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Porsche Taycan Production Halted Amid Parts Shortages Caused By Russian Invasion Of Ukraine

Russia's invasion of Ukraine is causing more problems for a European auto market only just rebounding from production slow-downs caused by the pandemic and semiconductor shortages.

Hot on the heels of the sinking of the Felicity Ace, which took an estimated $400 million worth of Volkswagens, Porsches, and Bentleys to the bottom of the Atlantic Ocean, comes the news that Porsche is being forced to halt production of the all-electric Taycan and other models due to parts shortages caused by Russia's invasion of Ukraine.

Wiring harness suppliers located in western Ukraine have had their outputs reduced to nil by the ongoing war of aggression waged by Russia, Reuters reports. Affected companies include Leoni, Fujikura, and Nexans, with around 7% of all wiring harnesses that go into cars built in the EU coming from factories located within Ukraine.

Side view of a red Porsche Taycan in IcelandTaycan Production Halted
Porsche has been forced to halt production of all Taycan variants at its Stuttgart-Zuffenhausen plant in Germany until the end of the coming week due to a lack of parts availability, the company announced in a recent press release. The plant usually produces around 200 Taycans each day. An unverified internal email leaked on Twitter alleges that Porsche has already stopped some production of the Macan, Panamera, and Cayenne, though production will resume at a reduced rate at the Leipzig plant from tomorrow thanks to an "improved supply situation."

Porsche's announcement comes amid production slow-downs and stoppages affecting VW, Audi, and Seat EVs which ride on Volkswagen's MEB EV platform. BMW has also been affected by the scarcity of wiring harnesses. The average mid-size car contains more than five miles of electrical cabling, and wiring harnesses are needed to organize it all.

Related Story: Porsche And Audi Look Set To Join F1 - Volkswagen CEO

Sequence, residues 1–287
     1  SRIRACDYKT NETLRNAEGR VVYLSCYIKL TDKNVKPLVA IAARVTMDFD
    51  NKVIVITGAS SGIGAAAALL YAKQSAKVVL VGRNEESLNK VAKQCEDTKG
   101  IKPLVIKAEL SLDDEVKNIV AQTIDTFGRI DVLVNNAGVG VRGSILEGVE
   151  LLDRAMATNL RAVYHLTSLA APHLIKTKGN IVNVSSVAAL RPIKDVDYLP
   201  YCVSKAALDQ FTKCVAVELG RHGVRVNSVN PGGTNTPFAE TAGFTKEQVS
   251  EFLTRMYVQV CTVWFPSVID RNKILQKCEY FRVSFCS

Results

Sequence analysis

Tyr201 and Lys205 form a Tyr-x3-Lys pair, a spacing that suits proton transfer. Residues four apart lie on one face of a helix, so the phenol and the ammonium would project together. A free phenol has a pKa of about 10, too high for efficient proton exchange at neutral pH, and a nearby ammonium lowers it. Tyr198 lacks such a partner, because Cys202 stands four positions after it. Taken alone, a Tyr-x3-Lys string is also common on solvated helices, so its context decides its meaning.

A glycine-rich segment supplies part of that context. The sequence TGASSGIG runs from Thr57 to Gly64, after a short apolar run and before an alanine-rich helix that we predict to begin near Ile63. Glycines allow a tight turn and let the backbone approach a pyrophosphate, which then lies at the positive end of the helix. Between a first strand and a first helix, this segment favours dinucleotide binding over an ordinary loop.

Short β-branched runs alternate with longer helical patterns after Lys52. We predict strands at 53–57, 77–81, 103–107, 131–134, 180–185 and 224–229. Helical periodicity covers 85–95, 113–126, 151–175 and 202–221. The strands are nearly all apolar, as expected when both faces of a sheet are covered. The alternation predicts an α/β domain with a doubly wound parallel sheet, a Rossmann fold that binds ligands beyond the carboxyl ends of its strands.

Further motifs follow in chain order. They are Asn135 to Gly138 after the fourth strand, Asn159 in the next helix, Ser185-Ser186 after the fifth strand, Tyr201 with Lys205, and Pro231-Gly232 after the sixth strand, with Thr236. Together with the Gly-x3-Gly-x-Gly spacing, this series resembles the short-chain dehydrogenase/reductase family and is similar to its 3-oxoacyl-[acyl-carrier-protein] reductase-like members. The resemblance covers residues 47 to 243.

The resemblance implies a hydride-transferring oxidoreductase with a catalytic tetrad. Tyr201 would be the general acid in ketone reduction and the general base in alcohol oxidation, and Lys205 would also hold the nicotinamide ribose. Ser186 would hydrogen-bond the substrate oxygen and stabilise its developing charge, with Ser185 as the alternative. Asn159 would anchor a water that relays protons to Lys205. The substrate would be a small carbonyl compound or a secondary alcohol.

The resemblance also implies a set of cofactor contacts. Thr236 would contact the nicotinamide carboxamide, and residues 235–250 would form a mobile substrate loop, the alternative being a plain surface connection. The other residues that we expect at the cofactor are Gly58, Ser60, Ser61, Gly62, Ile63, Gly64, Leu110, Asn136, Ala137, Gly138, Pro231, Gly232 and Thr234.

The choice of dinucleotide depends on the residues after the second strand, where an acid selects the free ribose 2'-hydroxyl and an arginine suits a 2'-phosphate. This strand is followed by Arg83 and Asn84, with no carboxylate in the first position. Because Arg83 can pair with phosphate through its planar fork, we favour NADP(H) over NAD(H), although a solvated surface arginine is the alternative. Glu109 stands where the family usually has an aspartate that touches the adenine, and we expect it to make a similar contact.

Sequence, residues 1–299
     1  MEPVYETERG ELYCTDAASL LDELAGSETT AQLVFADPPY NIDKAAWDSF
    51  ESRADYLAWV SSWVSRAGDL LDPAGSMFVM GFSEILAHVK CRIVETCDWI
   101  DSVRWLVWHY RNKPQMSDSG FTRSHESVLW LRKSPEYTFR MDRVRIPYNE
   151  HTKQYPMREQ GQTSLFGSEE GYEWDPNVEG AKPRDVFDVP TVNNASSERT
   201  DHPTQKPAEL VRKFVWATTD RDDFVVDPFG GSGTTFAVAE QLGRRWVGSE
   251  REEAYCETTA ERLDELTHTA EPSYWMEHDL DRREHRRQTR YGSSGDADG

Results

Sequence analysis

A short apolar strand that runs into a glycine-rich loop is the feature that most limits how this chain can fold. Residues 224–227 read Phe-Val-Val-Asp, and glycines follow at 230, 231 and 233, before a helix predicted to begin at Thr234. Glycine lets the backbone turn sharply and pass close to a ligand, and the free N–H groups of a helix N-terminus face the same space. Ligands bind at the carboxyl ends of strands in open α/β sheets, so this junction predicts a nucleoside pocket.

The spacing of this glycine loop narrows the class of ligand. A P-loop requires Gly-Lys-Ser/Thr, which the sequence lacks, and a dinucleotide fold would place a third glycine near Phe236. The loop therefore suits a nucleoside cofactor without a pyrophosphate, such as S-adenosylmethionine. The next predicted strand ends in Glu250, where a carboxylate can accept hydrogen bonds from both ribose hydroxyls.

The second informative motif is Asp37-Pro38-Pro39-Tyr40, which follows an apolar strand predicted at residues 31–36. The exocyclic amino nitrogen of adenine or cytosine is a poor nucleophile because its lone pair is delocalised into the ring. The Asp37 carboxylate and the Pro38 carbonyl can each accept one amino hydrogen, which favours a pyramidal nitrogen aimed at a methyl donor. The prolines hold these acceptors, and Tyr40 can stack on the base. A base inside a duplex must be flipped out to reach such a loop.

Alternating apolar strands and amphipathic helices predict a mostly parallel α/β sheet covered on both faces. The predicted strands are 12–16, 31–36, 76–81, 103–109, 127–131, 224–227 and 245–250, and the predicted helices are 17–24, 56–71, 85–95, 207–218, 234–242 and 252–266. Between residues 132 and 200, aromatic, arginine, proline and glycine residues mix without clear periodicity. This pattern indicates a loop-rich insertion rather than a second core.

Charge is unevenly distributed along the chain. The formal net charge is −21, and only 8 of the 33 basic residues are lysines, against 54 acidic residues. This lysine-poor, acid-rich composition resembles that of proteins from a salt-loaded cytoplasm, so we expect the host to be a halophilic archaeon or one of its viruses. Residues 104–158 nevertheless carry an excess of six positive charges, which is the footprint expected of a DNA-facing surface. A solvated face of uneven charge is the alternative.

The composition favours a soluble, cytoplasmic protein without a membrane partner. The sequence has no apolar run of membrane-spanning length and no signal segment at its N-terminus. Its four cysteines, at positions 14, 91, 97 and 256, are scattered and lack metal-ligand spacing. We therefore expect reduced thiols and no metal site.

Sanctions and The Retreat From Russia
Automotive News estimates that the lack of available wiring harnesses will result in production losses between 50,000-100,000 vehicles for the European automotive industry in the coming weeks and months, while the unprecedented sanctions levelled against Russia by the international community have caused many major manufacturers to freeze all exports to Russia.

Mercedes is reportedly worried about the loss of more than $2 billion worth of property inside Russia amid government threats of nationalizing the operations of businesses which choose to shutter their factories in response to the nation's latest attack on Ukraine. Renault is one of the few multinational car makers to have stuck by their Russian operations as the French giant is the majority owner of AvtoVAZ, manufacturer of Ladas.

Here's hoping the situation reaches a peaceful conclusion before Volkswagen's new ID. Buzz goes into production next year.

Images by Porsche licensed by CC BY 2.0.

James Walker is an automotive journalist at Torque News focusing on Lucid Motors. If it's got wheels he's interested, and he's looking forward to seeing what kind of cars the EV revolution brings us. Whether it's fast, slow, new, or old, James wants to have a look around it and share it in print and on video, ideally with some twisty roads involved. You can connect with James on Twitter, Instagram, and LinkedIn.